75. Sudre D, Gutierrez-Carbonell E, Lattanzio G, Rellan-Alvarez R, Gaymard F, Wohlgemuth G, Fiehn O, Alvarez-Fernandez A, Zamarreno AM, Bacaicoa E et al. Iron-dependent modifications of the flower transcriptome, proteome, metabolome, and hormonal content in an Arabidopsis ferritin mutant. J Exp Bot. 2013;64(10):2665–88.

    Article  CAS  PubMed  PubMed Central  Google Scholar 

  76. Chen SX, Schopfer P. Hydroxyl-radical production in physiological reactions. A novel function of peroxidase. Eur J Biochem. 1999;260(3):726–35.

    Article  CAS  PubMed  Google Scholar 

  77. Passardi F, Penel C, Dunand C. Performing the paradoxical: how plant peroxidases modify the cell wall. Trends Plant Sci. 2004;9(11):534–40.

    Article  CAS  PubMed  Google Scholar 

  78. Marjamaa K, Kukkola EM, Fagerstedt KV. The role of xylem class III peroxidases in lignification. J Exp Bot. 2009;60(2):367–76.

    Article  CAS  PubMed  Google Scholar 

  79. Passardi F, Tognolli M, De Meyer M, Penel C, Dunand C. Two cell wall associated peroxidases from Arabidopsis influence root elongation. Planta. 2006;223(5):965–74.

    Article  CAS  PubMed  Google Scholar 

  80. Daudi A, Cheng Z, O’Brien JA, Mammarella N, Khan S, Ausubel FM, Bolwell GP. The apoplastic oxidative burst peroxidase in Arabidopsis is a major component of pattern-triggered immunity. Plant Cell. 2012;24(1):275–87.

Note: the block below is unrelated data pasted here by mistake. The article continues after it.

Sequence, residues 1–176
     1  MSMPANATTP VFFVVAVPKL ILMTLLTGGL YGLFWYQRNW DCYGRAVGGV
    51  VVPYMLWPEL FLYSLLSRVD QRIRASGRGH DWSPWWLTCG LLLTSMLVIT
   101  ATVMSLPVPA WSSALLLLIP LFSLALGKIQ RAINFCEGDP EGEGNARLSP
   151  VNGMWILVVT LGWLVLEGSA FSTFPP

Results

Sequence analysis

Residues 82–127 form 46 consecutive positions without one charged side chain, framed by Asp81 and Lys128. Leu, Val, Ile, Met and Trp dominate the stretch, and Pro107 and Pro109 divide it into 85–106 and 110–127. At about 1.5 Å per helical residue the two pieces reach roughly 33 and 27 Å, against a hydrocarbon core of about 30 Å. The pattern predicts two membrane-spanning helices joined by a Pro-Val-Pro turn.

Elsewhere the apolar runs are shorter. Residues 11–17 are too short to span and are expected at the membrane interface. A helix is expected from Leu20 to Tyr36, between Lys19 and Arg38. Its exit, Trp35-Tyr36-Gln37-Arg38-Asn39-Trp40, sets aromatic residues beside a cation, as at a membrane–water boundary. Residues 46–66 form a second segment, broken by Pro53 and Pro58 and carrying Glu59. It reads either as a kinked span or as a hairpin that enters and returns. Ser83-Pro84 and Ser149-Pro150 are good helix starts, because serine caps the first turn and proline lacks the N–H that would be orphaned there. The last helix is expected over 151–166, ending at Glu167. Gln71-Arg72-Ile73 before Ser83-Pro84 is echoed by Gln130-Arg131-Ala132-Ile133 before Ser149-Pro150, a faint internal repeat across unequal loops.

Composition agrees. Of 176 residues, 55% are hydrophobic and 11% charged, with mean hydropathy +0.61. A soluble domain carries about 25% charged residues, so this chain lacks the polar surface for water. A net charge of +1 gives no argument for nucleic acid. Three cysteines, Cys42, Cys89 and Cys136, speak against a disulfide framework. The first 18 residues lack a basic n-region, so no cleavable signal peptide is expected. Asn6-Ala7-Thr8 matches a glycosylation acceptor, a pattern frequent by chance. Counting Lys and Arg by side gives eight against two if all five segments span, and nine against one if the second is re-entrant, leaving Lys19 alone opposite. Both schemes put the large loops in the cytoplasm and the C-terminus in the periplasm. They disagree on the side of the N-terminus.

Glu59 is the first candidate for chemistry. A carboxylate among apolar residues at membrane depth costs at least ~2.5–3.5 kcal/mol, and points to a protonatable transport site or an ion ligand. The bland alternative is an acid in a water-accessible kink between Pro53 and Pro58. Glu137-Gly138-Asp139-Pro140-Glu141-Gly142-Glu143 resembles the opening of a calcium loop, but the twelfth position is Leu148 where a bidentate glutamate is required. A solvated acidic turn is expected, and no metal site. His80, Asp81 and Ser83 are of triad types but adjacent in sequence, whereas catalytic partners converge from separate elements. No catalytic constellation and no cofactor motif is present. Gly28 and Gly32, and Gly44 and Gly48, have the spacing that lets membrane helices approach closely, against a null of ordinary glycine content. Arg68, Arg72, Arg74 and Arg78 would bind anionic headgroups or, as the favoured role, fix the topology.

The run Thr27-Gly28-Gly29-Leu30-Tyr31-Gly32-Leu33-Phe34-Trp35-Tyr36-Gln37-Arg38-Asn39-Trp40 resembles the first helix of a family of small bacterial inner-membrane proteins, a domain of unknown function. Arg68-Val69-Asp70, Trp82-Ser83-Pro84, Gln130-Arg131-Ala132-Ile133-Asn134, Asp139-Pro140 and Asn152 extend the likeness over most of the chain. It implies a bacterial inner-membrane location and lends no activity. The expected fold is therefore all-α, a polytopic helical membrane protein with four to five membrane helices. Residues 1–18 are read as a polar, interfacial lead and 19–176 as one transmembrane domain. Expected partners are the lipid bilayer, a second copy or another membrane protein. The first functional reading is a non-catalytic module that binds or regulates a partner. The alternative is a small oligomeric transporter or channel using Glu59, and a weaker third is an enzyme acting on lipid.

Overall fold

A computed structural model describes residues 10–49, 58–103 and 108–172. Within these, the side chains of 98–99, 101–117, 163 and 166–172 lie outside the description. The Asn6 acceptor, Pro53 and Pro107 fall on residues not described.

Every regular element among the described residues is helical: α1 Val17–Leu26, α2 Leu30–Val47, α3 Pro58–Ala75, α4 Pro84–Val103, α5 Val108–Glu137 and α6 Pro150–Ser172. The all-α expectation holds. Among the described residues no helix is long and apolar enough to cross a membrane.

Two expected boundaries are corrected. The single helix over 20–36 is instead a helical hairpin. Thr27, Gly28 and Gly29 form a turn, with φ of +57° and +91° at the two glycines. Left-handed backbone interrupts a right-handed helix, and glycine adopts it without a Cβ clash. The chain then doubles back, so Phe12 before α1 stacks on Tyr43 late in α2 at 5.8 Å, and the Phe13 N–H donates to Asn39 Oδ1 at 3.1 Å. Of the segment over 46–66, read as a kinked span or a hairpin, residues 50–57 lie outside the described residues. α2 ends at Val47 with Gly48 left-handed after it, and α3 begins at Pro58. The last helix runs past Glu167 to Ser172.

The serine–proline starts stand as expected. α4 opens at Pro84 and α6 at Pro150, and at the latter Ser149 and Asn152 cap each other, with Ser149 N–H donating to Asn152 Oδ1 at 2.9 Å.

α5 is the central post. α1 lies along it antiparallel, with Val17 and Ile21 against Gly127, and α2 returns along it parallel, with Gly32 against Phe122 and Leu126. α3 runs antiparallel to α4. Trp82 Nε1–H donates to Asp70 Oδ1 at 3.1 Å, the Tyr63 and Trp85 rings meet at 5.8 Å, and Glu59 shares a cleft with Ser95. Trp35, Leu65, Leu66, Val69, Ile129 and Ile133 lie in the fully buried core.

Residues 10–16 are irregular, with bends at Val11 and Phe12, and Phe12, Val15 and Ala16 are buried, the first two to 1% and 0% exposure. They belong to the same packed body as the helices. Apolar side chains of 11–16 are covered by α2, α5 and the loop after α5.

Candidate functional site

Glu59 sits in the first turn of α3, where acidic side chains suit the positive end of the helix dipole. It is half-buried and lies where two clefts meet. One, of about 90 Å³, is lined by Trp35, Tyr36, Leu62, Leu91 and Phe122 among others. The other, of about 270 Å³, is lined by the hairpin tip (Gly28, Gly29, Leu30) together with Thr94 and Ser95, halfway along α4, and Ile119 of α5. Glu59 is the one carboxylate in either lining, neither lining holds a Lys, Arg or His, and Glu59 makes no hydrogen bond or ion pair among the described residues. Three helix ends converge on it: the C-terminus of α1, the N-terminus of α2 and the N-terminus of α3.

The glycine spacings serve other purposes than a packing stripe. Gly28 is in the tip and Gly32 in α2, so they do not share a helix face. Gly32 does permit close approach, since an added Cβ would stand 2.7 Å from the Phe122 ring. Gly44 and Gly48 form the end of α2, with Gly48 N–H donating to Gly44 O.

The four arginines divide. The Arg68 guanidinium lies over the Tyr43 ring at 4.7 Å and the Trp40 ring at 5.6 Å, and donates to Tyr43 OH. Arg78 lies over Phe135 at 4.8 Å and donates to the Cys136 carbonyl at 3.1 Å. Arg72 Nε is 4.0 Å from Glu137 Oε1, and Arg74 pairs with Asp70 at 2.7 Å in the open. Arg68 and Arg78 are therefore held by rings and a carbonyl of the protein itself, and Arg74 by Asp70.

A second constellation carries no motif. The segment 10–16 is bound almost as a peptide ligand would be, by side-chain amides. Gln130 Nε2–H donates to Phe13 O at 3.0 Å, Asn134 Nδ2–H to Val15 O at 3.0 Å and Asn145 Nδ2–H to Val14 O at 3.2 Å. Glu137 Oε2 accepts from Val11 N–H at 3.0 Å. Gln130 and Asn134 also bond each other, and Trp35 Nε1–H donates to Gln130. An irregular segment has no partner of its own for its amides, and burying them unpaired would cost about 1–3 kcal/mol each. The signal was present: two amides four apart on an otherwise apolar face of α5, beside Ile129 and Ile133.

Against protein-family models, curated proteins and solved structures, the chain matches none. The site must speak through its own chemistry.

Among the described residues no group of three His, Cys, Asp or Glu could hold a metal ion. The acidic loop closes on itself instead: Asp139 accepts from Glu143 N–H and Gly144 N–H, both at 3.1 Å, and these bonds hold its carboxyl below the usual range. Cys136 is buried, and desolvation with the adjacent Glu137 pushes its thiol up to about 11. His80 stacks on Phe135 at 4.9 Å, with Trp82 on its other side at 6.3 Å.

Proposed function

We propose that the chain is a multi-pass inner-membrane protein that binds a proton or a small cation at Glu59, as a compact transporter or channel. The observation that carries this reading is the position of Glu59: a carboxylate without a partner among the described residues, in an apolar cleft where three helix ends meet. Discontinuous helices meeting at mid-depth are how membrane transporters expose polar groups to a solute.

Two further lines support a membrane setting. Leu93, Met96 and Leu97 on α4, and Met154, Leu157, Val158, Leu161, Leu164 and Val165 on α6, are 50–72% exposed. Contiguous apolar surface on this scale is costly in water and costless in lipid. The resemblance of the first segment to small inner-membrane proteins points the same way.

Article  CAS  PubMed  PubMed Central  Google Scholar 

  81. Robles MS, Cox J, Mann M. In-vivo quantitative proteomics reveals a key contribution of post-transcriptional mechanisms to the circadian regulation of liver metabolism. PLoS Genet. 2014;10(1):e1004047.

    Article  PubMed  PubMed Central  Google Scholar 

  82. Baerenfaller K, Massonnet C, Walsh S, Baginsky S, Buhlmann P, Hennig L, Hirsch-Hoffmann M, Howell KA, Kahlau S, Radziejwoski A et al. Systems-based analysis of Arabidopsis leaf growth reveals adaptation to water deficit. Mol Syst Biol. 2012;8:606.

    Article  PubMed  PubMed Central  Google Scholar 

  83. Wilhelm M, Schlegl J, Hahne H, Moghaddas Gholami A, Lieberenz M, Savitski MM, Ziegler E, Butzmann L, Gessulat S, Marx H et al. Mass-spectrometry-based draft of the human proteome. Nature. 2014;509(7502):582–7.

    Article  CAS  PubMed  Google Scholar 

  84. Schwanhausser B, Busse D, Li N, Dittmar G, Schuchhardt J, Wolf J, Chen W, Selbach M. Global quantification of mammalian gene expression control. Nature. 2011;473(7347):337–42.

    Article  PubMed  Google Scholar 

  85. Palmgren MG, Nissen P. P-type ATPases. Annu Rev Biophys. 2011;40:243–66.

    Article  CAS  PubMed  Google Scholar 

  86. Cronin SR, Rao R, Hampton RY. Cod1p/Spf1p is a P-type ATPase involved in ER function and Ca2+ homeostasis. J Cell Biol. 2002;157(6):1017–28.

    Article  CAS  PubMed  PubMed Central  Google Scholar 

  87. Vashist S, Frank CG, Jakob CA, Ng DT. Two distinctly localized p-type ATPases collaborate to maintain organelle homeostasis required for glycoprotein processing and quality control. Mol Biol Cell. 2002;13(11):3955–66.

    Article  CAS  PubMed  PubMed Central  Google Scholar